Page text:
5.Analytics should be worshipped. We could always be better at this but the digital team at ExactTarget Marketing Cloud spends constant hours analyzing and testing content on all web properties. I believe that the success of our content is mostly due to our ability to analyze data and create great content. They go hand in hand.

6.Spend money on your content. My good friend Jay Baer puts it best, “Your marketing should be so good… people would pay for it.” Create content that drives consumption to the point where people would be willing to pay for it. Is your content that good? If it is, you should be spending money advertising your content. It should be read and shared… most of the time you need to market your marketing.

Ultimately, a great content marketing team is focused on delivering the best content for their customers and readers. If the content is not helping the individual move forward in life… you better move other because someone is about to take your place.

Kyle lacy
ExactTarget, a Salesforce.com company
(blog) www.kylelacy.com
(join) www.smallerindiana.com
(tweet) kyleplacy

  • Twitter
  • LinkedIn
  • Digg
  • Technorati
  • Facebook
  • del.icio.us
  • StumbleUpon
  • Google Bookmarks
  • email
  • RSS
  • FriendFeed
advertisement

5 Ways to Define Your Core Values

Wednesday, September 11th, 2013

In the business world we all get ‘bad vibes’ from time to time. Whether it’s an email that rubs you the wrong way, or a generally poor meeting atmosphere, we all know that feeling.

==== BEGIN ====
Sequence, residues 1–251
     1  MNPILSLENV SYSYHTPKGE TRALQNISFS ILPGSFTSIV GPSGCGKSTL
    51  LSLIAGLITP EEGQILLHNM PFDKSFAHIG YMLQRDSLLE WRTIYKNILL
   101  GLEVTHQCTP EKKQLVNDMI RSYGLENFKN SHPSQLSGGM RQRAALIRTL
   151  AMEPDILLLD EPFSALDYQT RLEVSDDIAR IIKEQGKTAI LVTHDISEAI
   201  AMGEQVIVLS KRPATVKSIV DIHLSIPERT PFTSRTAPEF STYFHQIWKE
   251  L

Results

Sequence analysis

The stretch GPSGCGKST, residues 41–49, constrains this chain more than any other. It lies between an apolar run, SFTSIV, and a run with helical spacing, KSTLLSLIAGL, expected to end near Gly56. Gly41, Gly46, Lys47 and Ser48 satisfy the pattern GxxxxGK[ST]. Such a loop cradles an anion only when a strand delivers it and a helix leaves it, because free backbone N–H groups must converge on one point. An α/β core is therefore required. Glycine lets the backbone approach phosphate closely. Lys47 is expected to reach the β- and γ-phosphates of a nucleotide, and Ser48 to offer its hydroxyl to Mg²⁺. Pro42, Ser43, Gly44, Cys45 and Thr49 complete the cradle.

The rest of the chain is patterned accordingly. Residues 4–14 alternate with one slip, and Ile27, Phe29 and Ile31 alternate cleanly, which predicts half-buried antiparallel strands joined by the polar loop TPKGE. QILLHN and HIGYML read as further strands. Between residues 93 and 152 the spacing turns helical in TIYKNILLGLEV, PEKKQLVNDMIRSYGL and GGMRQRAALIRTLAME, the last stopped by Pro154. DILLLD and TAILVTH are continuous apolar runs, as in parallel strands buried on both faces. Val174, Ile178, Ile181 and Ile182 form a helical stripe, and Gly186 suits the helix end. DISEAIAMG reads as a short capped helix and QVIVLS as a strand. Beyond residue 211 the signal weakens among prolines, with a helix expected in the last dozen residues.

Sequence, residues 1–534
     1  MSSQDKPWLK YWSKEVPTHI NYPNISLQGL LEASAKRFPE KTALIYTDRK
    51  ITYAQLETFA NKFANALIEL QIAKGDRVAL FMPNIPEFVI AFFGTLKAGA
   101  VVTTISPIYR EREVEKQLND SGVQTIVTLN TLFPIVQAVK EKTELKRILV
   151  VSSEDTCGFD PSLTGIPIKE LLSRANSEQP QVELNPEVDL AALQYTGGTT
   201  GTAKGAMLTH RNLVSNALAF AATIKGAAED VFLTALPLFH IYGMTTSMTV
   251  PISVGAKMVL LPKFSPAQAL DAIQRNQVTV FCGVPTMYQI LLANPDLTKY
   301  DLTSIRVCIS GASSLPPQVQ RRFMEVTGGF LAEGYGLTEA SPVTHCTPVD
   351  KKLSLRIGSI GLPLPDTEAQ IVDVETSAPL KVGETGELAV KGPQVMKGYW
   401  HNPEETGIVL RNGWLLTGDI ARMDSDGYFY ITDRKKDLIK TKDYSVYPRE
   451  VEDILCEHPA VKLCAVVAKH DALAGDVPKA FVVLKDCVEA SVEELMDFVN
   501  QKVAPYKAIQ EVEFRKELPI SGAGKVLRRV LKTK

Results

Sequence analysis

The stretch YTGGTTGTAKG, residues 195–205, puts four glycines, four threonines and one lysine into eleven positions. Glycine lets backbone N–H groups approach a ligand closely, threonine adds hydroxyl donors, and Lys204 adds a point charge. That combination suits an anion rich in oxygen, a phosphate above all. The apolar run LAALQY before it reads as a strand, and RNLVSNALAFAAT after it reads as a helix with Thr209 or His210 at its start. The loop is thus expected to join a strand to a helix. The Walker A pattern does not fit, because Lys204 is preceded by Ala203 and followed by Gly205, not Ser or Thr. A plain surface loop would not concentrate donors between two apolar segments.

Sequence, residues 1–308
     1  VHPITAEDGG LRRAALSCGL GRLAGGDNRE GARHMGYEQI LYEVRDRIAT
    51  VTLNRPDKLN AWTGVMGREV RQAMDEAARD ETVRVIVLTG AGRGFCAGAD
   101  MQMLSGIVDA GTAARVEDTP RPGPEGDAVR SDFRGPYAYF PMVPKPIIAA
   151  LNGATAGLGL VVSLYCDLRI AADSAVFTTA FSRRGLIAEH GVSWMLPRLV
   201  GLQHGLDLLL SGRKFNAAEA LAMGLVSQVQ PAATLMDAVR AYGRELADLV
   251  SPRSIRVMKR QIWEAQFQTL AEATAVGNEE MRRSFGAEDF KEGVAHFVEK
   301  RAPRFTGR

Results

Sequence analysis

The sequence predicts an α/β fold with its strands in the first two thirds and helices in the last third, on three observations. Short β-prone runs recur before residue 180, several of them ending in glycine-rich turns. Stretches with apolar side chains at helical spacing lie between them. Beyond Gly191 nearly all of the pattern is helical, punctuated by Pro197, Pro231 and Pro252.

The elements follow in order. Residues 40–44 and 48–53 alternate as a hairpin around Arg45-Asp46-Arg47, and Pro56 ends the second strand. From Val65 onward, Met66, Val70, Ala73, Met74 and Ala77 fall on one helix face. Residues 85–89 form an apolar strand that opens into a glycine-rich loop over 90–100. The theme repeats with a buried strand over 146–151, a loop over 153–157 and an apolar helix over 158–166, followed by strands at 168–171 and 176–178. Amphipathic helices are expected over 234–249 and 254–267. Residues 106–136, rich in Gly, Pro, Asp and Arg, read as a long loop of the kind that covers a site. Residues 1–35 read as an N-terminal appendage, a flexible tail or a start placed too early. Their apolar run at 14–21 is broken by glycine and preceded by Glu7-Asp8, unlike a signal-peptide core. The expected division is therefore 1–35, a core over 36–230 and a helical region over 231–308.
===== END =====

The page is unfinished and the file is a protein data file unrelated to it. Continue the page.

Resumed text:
For a long time I would ignore that feeling, convincing myself that it’s silly to make business decisions based on ‘bad vibes.’

More often than not, though, when I get these so called ‘bad vibes’ I end up being right, and I regret that I didn’t do something about it.

I think I’ve figured out what that feeling is:

Something isn’t sitting right with my core values.

Now when I see these signs, I do something about it.

Uncovering Your Core Values
I’ve now uncovered at least five or six of my true core values. Since doing so, navigating my business’s direction has been much easier and more efficient.

Here are five questions you can ask yourself to make your core values more clear to you:

1. What do You Love?
This is the best place to start: passion. Strip away what you think you should be passionate about and be honest: What really revs your engine?

Core Value Example: “Obsess over Quality!”
When I hold an iPhone I get excited. I love the attention to detail. The lack of any noticeable seam gets my heart racing. I love the perfect way the components fit into each other. Don’t even get me started on the lack of visible screws!